Funded by eThekwini Water and Sanitation

Research collaboration on water and sanitation delivery


June 2006 to December 2018

Partner organisations: EAWAG, BORDA, HERING, DES, WRC, UMGENI Water.

Project description

Since 2003, the Pollution Research Group has provided eThekwini Water and Sanitation Division with scientific support in the Division’s efforts to develop and implement innovative water and sanitation services to the under-served, along with their mission of maintaining cost-competitive waste treatment service to industry and ensuring the health and environmental status of the rivers and beaches. Over the years, EWS and the PRG have established Memoranda of Agreements (MOA) to formalize their collaboration. While internationally there has been a sustained research effort over a period of at least 90 years on conventional wastewater treatment, the PRG and EWS are virtually unique in their focus on dry on-site sanitation and small-scale anaerobic processes focusing on providing nutrient-rich irrigation water for poor communities. The combination of large-scale rollout and scientifically valid investigations has attracted international interest and collaboration. Visiting scientists use the PRG laboratories to clean-up samples so that they can be safely taken overseas for specialised investigation and analysis.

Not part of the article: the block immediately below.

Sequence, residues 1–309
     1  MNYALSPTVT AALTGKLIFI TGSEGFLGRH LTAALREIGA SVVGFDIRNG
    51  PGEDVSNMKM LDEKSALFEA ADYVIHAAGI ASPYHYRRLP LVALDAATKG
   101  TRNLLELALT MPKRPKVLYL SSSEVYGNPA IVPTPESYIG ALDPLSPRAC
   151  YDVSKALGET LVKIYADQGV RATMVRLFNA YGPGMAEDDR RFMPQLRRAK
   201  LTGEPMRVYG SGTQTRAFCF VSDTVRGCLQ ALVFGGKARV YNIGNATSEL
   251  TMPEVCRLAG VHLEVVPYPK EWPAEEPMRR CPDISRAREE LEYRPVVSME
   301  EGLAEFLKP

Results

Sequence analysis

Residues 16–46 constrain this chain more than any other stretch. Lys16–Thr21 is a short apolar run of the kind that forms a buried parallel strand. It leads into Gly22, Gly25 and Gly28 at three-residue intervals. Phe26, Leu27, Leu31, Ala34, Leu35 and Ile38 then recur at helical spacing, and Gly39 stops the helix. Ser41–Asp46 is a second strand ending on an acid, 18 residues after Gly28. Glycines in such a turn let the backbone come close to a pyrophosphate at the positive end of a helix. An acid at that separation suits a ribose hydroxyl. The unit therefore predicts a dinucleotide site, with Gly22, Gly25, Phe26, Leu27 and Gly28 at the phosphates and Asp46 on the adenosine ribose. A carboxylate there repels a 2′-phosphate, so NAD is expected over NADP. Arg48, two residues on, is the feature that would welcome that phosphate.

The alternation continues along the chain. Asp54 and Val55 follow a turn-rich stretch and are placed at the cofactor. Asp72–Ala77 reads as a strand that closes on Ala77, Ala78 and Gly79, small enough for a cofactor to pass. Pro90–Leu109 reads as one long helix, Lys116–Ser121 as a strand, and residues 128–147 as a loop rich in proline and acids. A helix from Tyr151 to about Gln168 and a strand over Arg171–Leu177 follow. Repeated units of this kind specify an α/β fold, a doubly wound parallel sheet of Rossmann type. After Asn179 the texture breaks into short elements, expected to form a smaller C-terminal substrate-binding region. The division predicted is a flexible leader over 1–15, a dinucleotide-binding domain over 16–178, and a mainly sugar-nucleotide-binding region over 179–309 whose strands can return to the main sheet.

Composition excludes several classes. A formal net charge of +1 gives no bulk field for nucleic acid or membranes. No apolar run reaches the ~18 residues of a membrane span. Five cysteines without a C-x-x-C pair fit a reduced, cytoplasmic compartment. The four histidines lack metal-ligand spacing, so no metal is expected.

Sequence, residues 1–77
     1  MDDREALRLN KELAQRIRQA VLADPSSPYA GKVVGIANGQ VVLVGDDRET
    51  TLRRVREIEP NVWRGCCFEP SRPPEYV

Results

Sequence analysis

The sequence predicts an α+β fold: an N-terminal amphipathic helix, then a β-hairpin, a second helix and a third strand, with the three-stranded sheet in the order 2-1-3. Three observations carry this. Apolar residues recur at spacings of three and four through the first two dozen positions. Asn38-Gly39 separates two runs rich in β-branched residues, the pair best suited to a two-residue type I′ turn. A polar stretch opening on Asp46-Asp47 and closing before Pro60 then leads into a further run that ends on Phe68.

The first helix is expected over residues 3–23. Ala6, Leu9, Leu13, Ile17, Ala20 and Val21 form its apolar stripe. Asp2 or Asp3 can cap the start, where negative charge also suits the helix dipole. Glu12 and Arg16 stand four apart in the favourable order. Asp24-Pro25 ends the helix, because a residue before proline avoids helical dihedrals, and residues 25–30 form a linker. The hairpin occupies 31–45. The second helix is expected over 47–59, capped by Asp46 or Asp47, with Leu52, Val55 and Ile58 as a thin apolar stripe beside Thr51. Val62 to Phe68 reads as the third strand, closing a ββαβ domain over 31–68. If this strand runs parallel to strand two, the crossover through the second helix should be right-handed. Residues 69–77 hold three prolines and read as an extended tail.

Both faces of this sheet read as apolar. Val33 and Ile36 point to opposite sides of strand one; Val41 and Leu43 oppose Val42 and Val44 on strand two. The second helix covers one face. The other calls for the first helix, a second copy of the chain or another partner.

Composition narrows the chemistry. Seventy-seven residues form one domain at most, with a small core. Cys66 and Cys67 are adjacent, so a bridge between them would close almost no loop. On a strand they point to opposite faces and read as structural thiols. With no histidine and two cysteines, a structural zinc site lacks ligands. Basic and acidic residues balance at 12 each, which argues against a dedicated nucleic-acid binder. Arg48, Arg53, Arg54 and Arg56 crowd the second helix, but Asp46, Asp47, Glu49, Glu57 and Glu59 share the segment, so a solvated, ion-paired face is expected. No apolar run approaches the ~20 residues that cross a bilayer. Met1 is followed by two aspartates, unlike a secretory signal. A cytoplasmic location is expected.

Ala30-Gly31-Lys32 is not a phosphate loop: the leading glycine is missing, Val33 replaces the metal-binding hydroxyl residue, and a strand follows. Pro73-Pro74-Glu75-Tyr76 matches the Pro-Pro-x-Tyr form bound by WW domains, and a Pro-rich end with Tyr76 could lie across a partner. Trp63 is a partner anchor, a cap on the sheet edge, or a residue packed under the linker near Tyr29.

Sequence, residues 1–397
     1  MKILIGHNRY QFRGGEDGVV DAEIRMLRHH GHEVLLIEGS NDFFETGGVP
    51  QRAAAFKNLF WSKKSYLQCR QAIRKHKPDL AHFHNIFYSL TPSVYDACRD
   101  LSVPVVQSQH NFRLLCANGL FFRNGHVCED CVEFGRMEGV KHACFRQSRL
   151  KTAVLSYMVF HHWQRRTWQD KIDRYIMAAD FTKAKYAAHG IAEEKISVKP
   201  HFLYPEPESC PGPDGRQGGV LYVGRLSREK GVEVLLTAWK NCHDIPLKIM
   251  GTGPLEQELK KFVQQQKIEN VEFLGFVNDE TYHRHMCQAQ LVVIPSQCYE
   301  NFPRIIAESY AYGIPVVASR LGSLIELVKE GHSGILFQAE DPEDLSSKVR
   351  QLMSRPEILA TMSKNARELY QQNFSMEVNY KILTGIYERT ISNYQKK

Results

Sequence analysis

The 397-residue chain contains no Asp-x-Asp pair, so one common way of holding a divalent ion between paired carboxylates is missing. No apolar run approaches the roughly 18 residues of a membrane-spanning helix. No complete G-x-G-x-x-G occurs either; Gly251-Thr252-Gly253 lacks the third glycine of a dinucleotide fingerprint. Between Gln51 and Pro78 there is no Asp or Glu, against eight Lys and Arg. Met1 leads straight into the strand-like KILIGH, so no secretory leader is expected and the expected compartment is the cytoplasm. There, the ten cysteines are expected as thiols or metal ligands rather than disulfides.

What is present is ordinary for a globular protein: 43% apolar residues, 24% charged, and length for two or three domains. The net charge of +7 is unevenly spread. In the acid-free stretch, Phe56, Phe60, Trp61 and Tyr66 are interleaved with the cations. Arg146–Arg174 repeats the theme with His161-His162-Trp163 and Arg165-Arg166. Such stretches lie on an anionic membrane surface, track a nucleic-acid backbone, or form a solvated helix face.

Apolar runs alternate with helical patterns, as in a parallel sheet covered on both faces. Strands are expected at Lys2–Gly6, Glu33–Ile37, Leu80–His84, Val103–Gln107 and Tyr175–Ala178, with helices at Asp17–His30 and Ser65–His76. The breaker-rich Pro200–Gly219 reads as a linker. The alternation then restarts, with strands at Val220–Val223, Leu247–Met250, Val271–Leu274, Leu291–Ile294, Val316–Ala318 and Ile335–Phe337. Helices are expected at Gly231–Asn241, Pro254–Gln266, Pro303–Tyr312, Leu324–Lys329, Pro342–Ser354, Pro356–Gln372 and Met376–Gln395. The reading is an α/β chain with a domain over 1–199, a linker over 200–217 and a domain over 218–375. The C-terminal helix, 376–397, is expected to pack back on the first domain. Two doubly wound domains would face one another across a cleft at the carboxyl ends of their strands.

In the past 10 years, the municipality has built and renovated different testing facilities used by the PRG and other groups for research purposes. EWS has facilitated the expansion of the Newlands-Mashu site and the building of the DEWATS plant. The Newlands-Mashu fieldsite is used to evaluate crops growing on urine diversion solids, ventilated improved pit latrine solids and grey water. In addition, Newlands-Mashu houses a laboratory in which data from the VUNA reactors and the operations of the DEWATS plant are analysed. 

 In addition to Newlands-Mashu, EWS has co-developed the LaDePa machine for drying and pelletizing faeces. The LaDePa machine is located in a treatment works in Tongaat, which is also the site for the evaluation of sludge. EWS is refurbishing the anaerobic digesters at the Amanzimtoti Wastewater Treatment Works in order to research the treatment of high-strength or toxic liquid effluents.